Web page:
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The OPEC+ group has as much as 2.31 million barrels per day (bpd) of oil production above the collective quota for May-July to offset in August and September, Reuters reported on Thursday, quoting an internal OPEC+ document it had seen.
OPEC+ launched in May a record 9.7 million bpd production cut in response to the crash in demand in the pandemic. The cuts are being eased to 7.7 million bpd as of August 1, a month later than initially planned. Non-compliant members promised to offset their poor compliance between May and July with extra cuts in August and September.
The internal document Reuters has seen does not explain in detail how those extra cuts would be distributed in August and September. The estimates from OPEC+ show that Iraq was overproducing at a rate of 851,000 bpd between May and July—this was the least compliant member of the pact. Iraq has promised to cut much more to offset poor compliance, but its July production rose by 39,000 bpd to average 3.752 million bpd, according to OPEC’s latest Monthly Oil Market Report (MOMR).
Nigeria was also overproducing a lot between May and July, pumping 315,000 bpd above its ceiling, according to the OPEC+ document seen by Reuters.
Russia, the leader of the non-OPEC group in the OPEC+ coalition, was also producing above its quota – 283,000 bpd more than it should be in order to be in full compliance.
Related: Saudi Oil Minister: Oil Demand Could See A 97% Recovery By The End Of 2020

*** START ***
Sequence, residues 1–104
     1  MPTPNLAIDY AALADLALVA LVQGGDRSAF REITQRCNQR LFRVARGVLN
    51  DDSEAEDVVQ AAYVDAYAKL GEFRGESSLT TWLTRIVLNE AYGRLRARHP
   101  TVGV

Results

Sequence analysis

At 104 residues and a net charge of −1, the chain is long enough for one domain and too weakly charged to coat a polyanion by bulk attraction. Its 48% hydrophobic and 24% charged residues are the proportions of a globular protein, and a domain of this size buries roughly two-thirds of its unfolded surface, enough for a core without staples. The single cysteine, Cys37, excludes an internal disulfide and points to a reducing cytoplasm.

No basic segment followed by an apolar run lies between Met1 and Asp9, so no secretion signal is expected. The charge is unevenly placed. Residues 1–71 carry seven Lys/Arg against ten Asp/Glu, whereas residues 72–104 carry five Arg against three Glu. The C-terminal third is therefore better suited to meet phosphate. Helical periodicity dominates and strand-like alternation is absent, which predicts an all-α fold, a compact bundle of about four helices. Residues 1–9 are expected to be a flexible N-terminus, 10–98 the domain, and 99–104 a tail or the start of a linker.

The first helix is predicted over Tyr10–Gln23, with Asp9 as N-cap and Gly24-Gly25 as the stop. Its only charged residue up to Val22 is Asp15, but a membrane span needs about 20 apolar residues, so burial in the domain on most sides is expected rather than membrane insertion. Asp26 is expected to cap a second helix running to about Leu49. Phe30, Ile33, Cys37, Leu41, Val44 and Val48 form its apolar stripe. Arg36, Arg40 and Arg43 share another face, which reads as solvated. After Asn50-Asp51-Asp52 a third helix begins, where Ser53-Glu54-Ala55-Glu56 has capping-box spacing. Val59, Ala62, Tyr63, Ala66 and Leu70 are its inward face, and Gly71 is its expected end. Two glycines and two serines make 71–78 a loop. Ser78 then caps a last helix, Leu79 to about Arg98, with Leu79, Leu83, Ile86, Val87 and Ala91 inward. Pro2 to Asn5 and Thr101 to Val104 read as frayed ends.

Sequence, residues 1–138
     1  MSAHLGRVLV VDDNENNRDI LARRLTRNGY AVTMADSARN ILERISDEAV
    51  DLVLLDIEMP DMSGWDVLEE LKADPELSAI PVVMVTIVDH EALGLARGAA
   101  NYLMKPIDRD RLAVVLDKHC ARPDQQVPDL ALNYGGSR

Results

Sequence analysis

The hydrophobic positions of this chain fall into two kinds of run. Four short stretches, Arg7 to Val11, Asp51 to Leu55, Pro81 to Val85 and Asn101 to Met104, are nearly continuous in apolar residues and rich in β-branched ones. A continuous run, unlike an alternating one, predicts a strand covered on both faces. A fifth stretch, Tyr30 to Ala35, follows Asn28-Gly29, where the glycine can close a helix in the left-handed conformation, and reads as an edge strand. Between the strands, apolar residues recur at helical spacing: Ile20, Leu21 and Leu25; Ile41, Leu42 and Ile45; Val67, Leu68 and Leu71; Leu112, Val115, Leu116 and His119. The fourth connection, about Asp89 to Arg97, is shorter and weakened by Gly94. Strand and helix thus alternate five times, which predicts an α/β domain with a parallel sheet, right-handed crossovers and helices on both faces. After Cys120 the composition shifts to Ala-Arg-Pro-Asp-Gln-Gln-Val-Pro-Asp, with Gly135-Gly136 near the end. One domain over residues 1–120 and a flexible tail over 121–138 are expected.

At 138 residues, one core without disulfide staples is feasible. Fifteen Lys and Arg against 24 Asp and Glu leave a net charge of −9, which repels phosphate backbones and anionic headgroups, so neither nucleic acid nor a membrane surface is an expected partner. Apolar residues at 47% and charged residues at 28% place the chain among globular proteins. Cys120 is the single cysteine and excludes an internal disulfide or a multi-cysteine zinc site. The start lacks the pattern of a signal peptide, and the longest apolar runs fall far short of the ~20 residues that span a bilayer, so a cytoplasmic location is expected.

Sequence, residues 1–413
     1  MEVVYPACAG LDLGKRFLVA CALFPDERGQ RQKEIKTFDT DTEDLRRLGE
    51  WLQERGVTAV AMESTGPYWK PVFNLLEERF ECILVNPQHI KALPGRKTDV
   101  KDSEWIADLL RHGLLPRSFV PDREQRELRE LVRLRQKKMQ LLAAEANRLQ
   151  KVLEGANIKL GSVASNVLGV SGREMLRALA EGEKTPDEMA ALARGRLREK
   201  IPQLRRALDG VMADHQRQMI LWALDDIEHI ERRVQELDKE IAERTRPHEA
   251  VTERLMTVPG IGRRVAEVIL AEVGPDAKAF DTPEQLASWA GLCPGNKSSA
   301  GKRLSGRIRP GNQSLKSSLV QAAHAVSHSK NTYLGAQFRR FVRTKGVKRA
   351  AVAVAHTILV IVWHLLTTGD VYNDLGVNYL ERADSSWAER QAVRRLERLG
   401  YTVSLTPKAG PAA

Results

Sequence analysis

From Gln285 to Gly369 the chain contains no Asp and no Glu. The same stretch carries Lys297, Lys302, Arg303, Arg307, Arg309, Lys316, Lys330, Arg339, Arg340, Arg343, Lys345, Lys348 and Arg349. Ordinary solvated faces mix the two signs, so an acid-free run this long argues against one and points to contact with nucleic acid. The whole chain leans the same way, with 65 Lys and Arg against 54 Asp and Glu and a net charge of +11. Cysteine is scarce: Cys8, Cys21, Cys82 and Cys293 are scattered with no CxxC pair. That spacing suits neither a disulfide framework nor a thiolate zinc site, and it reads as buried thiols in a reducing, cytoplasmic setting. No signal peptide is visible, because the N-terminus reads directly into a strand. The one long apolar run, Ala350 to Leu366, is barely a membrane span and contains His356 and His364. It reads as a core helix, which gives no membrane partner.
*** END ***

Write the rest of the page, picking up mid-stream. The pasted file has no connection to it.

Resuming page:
The Joint Ministerial Monitoring Committee (JMMC), which met on Wednesday, said it had requested other underperforming participating countries to submit their plans for implementation of the required compensation for the overproduced volumes to the OPEC Secretariat by the end of next week, August 28.
“The Committee emphasized that achieving 100% conformity from all participating countries in the DoC and compensating for the shortfalls in May, June and July 2020 is not only fair, but vital for the ongoing rebalancing efforts and to help deliver long-term oil market stability,” OPEC said at the end of the video meeting.
The OPEC+ panel also admitted that “the pace of recovery appeared to be slower than anticipated with growing risks of a prolonged wave of COVID-19.”
By Tsvetana Paraskova for Oilprice.com
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Tsvetana is a writer for Oilprice.com with over a decade of experience writing for news outlets such as iNVEZZ and SeeNews.